Tears as Olujazz brings down the house

Billed to perform alongside Olujazz were master acts like Wole Oni, Tim Godfrey, Lawrence and the Covenant, Onos Ariki, IBK.

Henry Akubuiro

It was a dream debut concert for the American-trained Nigerian saxophonist, OluJazz, at the Shell Hall, Muson Centre, Lagos, recently. Living up to his billing as Olujazz D’Talkative, the saxophonist talked thirteen to a dozen with the sax, leaving the audience longing for more jazzy tunes.

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At intervals, the enraptured audience stood up to clap, danced, and let tears of joy stream down their faces, yet there were some among the audience who, unconsciously, went into meditation as gospel songs wafted out from the sax. It was a memorable night.

By 7 p.m., the hall was filled to the brim for the Olujazz Live in Concert. Billed to perform alongside Olujazz were master acts like Wole Oni, Tim Godfrey, Lawrence and the Covenant, Onos Ariki, IBK. Billed to perform also were the Nigerian, US-based Jazz rhetoric Agboola Shadare; Lara George, Evelyn J, Tim Godfrey; Isaac Gerald, the Luther Vandross of Nigeria; and Ranti, an opera singer.

Chants of “Olu” rent the air as he took to the stage. There was a traditional Yoruba atmosphere as the talking drums cleaved the air. Dressed in white blazers, the artiste looked dapper, and the first song jazzed up the audience, who sang along.

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The second performance by Olujazz was more passionate. It brought memories of Sunday Service as a praise songs floated in the air to a danceable rhythm and sax. “You Are a Great God”, “Jehovah Has the Final Say”, “Ebube Dike”, and “You are the Most High God” were the songs performed with a jazzy touch.

He also performed another Igbo worship song “Iyiri Ihe Asi na Ibu”. Afterwards, he switched to western worship song, “We Give You All the Glory”. The artist struck a bond with the crowd as he dished out one hit tune after another. Lara revved up the evening with more melodious tunes, including “Alagbara Almighty”.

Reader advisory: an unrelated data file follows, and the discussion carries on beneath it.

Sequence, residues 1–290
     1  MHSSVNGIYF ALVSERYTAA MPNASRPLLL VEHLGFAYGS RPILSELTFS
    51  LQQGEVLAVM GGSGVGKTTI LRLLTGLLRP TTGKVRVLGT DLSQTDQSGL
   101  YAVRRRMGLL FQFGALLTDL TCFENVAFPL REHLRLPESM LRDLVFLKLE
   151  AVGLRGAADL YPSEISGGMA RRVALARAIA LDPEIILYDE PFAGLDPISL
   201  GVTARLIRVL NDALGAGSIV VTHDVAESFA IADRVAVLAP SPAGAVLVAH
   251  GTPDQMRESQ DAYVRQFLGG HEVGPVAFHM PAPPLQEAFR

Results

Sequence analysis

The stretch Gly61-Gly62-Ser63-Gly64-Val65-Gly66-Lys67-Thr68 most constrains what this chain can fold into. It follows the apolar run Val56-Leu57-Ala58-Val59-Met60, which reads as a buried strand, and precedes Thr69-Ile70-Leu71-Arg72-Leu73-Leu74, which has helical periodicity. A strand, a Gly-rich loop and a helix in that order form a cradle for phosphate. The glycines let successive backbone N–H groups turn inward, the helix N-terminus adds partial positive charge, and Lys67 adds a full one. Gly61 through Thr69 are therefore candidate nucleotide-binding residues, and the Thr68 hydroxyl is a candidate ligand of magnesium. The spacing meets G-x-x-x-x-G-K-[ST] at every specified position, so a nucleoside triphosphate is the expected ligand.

When OluJazz began the second round of songs, he appeared in casual black ensemble. Lifting the sax, he got everybody nostalgic and dancing to the highlife classic “Jeromi” by Sir Victor Uwaifo.

Then, Isaac Gerald upped the ante in a duet with Olujazz. You would think it was an American jazzy combo with the medley of western beats. It was a sight to behold as he compelled Olujazz to the stand to mimic his voice. The show also featured opera songs by Ranti, among other conventional acts.

Speaking on his fascination with the music genre, Olujazz said, “I want to play music, especially Jazz, for the rest of my life, because without music I’m nobody. Music is in me. Anywhere I go, I’m known as a musician. I’m one of the few people in the world that can actually speak four phonics; not everybody can say it.

“They can actually play it, but cannot say the physical notes. I’m a rare bred in Jazz music. Music is my God-given talents. A lot of people are learning it in Fabulous School of Music, Beverly Bolton in Yorkshire. The Europeans cannot say the notes the way I do. They wouldn’t be perfect in it. But God gave it to me without paying a dime.”

He has performed at the Santiago Jazz Festival, Chile and California, which happens every year. “I’ve also travelled far and wide. I’ve travelled on musical tour to countries like France, Germany, Ethiopia, Asia, America, Canada, Brazil, and Puerto Rico for Jazz music performances,” he said.

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His romance with jazz started early in life. “I started playing trumpet from the 1990s,” he admitted. Today, he plays trumpets, drums, clarinet, flutes, and saxophone. He admitted, “I had already understood from childhood that I was going to be a saxophonist.”